Bunuel wrote:
m760 wrote:
if the White and yellow figures has to be an interger then minum litres possible = LCM of 3 , 5 = 15
with 15 (min figure) the no of litres of yellow and white would be an interger always
So no of litres of red = 15 * 1/4 = 3 3/4
That's not correct: the smallest batch of peach paint possible so that the # of gallons of white and yellow paint used to be an integer is 9+5+3.75=17.75 liters.
stevie111 wrote:
Apologies for not making my question clear. I did not understand why is the LCM method of arriving at 15 here as posted by 'm760' incorrect?
Bunuel wrote:
m760 incorrectly assumed that 15 liters of paint was the smallest batch of peach paint possible so that the # of gallons of white and yellow paint used to be an integer. Actually it's 17.75 liters.
Please read this:
a-paint-store-makes-peach-paint-according-to-the-formula-129492.html#p1063197 and this:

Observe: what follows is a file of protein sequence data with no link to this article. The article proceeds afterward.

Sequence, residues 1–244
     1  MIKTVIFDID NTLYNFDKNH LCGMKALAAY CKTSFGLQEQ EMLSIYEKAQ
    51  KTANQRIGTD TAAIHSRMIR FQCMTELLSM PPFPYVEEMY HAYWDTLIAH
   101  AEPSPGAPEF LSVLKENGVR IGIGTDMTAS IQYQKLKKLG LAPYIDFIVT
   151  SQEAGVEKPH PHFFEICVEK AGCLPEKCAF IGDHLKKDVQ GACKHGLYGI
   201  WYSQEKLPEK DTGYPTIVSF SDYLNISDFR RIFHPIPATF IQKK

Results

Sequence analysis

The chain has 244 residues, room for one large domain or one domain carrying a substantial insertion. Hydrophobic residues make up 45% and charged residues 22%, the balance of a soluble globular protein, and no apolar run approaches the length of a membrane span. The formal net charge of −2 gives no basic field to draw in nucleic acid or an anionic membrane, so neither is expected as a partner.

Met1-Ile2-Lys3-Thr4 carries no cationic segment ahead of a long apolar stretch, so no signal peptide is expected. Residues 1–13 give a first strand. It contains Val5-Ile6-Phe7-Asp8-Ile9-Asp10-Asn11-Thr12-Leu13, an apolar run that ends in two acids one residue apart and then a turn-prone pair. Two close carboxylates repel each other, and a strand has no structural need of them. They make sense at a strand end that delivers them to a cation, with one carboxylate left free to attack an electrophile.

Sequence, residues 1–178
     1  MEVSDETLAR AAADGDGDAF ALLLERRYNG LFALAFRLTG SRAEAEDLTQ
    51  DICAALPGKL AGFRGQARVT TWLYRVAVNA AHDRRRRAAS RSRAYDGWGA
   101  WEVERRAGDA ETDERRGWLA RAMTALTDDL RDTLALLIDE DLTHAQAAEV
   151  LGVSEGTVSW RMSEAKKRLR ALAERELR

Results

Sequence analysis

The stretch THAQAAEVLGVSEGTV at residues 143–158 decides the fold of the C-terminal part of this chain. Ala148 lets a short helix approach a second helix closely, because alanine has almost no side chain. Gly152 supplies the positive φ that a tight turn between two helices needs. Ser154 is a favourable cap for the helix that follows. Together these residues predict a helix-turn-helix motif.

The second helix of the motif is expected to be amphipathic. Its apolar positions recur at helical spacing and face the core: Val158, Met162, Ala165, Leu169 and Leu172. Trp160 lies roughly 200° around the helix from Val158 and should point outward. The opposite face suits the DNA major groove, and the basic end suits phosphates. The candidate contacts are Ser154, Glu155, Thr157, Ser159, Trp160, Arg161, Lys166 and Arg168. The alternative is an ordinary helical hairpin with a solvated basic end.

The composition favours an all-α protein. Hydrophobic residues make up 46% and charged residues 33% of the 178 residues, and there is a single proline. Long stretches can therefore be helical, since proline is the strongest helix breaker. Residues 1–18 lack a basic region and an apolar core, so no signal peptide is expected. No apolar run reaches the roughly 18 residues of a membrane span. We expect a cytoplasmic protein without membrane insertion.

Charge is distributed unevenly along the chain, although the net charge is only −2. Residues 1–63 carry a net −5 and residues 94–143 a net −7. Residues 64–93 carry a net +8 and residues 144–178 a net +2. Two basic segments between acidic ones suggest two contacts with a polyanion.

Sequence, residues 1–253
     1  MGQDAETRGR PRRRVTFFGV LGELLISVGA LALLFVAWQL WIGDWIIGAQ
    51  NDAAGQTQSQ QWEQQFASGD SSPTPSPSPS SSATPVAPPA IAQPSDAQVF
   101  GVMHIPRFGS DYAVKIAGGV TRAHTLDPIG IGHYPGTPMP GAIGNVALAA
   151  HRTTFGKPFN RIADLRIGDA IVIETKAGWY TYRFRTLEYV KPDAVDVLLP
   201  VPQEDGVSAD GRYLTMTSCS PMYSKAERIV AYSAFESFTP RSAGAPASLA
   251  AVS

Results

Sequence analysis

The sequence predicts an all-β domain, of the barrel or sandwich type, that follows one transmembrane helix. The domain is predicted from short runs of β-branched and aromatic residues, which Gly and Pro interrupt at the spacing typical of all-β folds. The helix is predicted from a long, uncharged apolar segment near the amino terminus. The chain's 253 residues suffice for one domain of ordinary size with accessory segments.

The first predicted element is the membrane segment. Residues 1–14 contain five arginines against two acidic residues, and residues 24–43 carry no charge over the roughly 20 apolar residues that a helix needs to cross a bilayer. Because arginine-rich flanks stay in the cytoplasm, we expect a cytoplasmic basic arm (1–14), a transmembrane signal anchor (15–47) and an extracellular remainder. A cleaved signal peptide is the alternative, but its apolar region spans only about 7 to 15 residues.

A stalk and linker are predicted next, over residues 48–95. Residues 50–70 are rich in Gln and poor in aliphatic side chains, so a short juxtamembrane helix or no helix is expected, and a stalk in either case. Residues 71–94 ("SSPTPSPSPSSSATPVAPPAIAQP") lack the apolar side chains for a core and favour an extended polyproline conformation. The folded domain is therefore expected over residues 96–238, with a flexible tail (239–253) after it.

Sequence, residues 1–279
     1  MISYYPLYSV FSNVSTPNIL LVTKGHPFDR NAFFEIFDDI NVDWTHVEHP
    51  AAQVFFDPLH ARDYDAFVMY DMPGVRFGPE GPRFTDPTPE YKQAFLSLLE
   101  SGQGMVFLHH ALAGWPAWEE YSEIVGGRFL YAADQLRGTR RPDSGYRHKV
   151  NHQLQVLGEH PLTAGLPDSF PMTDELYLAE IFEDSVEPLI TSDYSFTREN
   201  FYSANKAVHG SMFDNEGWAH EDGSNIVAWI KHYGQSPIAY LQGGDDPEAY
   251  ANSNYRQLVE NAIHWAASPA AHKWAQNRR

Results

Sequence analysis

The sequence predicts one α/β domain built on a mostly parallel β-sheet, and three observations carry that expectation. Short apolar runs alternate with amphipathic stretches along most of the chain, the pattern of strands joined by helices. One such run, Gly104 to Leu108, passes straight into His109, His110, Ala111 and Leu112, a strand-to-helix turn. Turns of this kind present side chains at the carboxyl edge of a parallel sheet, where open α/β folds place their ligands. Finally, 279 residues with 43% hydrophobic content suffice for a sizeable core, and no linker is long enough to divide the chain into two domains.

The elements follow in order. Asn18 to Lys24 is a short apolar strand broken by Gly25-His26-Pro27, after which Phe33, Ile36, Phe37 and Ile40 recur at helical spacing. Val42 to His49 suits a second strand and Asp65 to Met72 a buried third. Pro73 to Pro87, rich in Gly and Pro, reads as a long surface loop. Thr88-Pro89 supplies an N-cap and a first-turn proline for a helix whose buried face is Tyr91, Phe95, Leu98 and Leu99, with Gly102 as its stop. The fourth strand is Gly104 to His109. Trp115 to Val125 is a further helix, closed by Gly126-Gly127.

a-paint-store-makes-peach-paint-according-to-the-formula-129492.html#p1066489Also notice that given formula (White: 3/5 gallon, Red: 1/4 gallon, Yellow: 1/3 gallon), does not give us the shares of each paint for 1 gallon of peach paint since 3/5+1/4+1/3=71/60>1. Shares would be: W:R:Y=36:15:20 --> W:Y=36:20:9:5.
Hope it's clear.
I think what m760 meant was that the smallest number possible so that white and yellow are integers is 15 ( Lcm of 3 and 5 )
anything lesser than 15 will not give white and yellow as integers and the smallest number which will give white and yellow as integers is 15.
so when white and yellow are minimum integers what is red? 3/5 : 1/4 : 1/3 = 9: 15/4 : 5
so as we can see red is 3.75
no where has m760 mentioned that the smallest amount of PEACH PAINT is 15 what he meant was the smallest number by which we have to multiply white( 1/3) and yellow ( 1/5) to make these integers is 15 . so when white and yellow are smallest integers what would be the value of red , red would be 15/4 = 3.75.
I think m760 way is another valid way of doing this sum
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